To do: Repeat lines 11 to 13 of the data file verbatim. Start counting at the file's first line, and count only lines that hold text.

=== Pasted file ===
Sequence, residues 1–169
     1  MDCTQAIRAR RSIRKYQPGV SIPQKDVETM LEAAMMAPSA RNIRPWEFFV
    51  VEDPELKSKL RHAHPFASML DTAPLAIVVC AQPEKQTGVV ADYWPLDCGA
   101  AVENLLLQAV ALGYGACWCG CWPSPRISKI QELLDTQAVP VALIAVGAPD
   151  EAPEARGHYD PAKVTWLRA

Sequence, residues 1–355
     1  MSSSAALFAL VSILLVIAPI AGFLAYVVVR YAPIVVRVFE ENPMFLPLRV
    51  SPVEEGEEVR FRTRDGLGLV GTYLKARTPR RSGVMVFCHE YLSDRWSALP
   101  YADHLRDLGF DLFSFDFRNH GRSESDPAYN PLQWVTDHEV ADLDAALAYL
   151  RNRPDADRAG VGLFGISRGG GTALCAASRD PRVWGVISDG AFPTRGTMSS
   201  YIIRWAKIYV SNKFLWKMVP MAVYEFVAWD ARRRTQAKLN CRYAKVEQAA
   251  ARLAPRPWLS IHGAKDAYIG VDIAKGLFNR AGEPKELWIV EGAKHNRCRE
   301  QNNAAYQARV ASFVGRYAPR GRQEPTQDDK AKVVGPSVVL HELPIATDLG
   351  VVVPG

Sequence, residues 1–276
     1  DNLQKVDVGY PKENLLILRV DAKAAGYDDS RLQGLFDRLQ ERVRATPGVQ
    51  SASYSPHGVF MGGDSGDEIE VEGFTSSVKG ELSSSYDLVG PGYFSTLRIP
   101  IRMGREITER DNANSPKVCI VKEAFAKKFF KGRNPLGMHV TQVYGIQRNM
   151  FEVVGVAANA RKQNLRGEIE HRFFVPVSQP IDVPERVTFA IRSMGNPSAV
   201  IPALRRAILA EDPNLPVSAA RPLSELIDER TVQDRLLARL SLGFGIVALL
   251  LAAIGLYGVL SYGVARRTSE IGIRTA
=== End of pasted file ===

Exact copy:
   201  YIIRWAKIYV SNKFLWKMVP MAVYEFVAWD ARRRTQAKLN CRYAKVEQAA
   251  ARLAPRPWLS IHGAKDAYIG VDIAKGLFNR AGEPKELWIV EGAKHNRCRE
   301  QNNAAYQARV ASFVGRYAPR GRQEPTQDDK AKVVGPSVVL HELPIATDLG